Distance or a decrepit hall won’t stop a Dev Anand fan. He got a balcony seat and looked around. Yes, there were many garishly dressed ladies all around. Just as the newsreel got over and the theatre went dark, he saw a pretty woman enter the hall. She entered his row… and sat down right next to him. He got a whiff of her perfume. The movie began….
Hai apna dil to awara... Dev Anand singing in a local train (RD Burman played the mouth organ for the Hemant Kumar number). My friend was hooked on the film, but equally distracted by the girl sitting next to him. Their elbows touched on the arm rest. He politely removed his hand.
A dramatic scene… b/w Waheeda Rehman is attempting suicide…. And then he felt her hand on his thigh. He dared not look down. He very casually glanced at her, but her eyes were focused on the screen. And then she started moving her hand up his thigh. She was feeling him up. Hell, or was it heaven? He sat frozen. Should he reciprocate? Would she demand money later? His mind was a whirl and the movie a blur as she slowly settled her hand on his crotch.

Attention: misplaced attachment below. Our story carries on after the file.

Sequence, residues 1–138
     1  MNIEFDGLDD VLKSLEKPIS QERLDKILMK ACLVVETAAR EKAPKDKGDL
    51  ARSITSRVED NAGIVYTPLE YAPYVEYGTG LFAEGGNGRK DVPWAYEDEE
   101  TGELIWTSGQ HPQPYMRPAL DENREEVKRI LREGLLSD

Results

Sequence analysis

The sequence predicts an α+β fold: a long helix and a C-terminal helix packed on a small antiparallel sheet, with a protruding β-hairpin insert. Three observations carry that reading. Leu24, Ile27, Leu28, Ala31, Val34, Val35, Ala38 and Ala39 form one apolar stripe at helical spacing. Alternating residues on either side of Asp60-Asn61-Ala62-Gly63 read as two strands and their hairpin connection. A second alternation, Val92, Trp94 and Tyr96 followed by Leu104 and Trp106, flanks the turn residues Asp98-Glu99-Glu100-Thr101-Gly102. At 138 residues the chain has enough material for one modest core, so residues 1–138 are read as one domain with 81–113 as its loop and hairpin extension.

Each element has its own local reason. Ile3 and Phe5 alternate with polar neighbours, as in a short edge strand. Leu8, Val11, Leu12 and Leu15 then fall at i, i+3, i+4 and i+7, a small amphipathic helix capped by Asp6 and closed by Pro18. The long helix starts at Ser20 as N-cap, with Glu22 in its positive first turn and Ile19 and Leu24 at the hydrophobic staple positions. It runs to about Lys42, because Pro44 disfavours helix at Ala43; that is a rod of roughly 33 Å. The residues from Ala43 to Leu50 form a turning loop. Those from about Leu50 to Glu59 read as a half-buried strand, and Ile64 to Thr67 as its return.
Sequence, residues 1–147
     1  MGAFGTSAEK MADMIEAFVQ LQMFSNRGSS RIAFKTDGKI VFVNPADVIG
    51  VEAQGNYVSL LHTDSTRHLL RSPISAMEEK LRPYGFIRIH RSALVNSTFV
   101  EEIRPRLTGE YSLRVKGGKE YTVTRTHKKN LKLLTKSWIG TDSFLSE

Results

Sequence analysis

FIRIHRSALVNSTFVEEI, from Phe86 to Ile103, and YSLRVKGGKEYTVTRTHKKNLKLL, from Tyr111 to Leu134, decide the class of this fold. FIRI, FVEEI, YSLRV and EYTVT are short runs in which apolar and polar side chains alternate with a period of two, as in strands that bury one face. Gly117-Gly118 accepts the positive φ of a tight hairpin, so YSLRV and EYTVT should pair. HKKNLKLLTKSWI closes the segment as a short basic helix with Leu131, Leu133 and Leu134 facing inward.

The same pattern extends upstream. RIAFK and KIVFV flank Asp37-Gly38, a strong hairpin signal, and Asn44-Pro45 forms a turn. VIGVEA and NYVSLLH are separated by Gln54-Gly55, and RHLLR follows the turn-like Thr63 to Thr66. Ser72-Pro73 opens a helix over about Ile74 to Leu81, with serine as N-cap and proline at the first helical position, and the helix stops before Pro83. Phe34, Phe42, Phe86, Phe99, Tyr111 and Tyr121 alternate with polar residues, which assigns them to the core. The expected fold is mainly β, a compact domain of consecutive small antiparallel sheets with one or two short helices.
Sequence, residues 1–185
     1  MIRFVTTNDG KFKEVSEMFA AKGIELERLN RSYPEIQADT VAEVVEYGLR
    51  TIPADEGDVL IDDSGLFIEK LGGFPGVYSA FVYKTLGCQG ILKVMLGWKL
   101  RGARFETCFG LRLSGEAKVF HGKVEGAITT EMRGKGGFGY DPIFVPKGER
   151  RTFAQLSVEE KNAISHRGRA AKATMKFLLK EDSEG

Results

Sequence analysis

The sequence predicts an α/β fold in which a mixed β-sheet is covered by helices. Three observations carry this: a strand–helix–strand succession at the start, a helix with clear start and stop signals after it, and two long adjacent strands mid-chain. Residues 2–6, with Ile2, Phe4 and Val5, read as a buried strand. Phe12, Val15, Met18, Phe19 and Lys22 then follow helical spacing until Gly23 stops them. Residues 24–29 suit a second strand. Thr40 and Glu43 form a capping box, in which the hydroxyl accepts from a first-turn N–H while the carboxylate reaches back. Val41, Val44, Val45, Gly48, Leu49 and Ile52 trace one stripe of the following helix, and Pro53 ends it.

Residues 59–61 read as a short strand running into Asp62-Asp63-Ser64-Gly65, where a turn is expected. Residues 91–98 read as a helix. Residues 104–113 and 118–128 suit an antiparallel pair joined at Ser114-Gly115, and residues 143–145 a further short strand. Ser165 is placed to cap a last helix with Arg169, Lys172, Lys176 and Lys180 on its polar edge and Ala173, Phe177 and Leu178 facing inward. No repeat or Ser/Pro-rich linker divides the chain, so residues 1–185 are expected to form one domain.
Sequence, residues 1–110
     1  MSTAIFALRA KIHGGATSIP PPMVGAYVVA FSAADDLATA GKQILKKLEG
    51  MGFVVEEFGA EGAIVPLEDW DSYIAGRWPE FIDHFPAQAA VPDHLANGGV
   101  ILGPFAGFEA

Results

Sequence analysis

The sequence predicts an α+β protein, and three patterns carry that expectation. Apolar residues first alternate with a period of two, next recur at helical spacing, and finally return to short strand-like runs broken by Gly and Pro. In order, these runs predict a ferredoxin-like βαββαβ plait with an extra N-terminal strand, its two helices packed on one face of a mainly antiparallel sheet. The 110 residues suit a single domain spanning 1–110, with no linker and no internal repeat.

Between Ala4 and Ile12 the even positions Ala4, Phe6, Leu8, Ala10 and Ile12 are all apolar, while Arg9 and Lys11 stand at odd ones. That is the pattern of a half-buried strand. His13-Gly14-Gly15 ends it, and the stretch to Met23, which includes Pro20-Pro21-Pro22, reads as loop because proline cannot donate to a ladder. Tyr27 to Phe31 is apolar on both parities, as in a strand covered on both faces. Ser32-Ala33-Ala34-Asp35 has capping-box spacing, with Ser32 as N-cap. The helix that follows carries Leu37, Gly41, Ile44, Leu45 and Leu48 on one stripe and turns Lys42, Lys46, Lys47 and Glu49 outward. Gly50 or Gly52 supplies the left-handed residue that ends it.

Interval. The lights came on. He looks at her. She was beautiful. And then without even a glance at him, she got up and out. But her hand was still on his crotch. And then he looked down. There was a large rat sleeping on his maroon corduroy trousers.
– Sriram Raghavan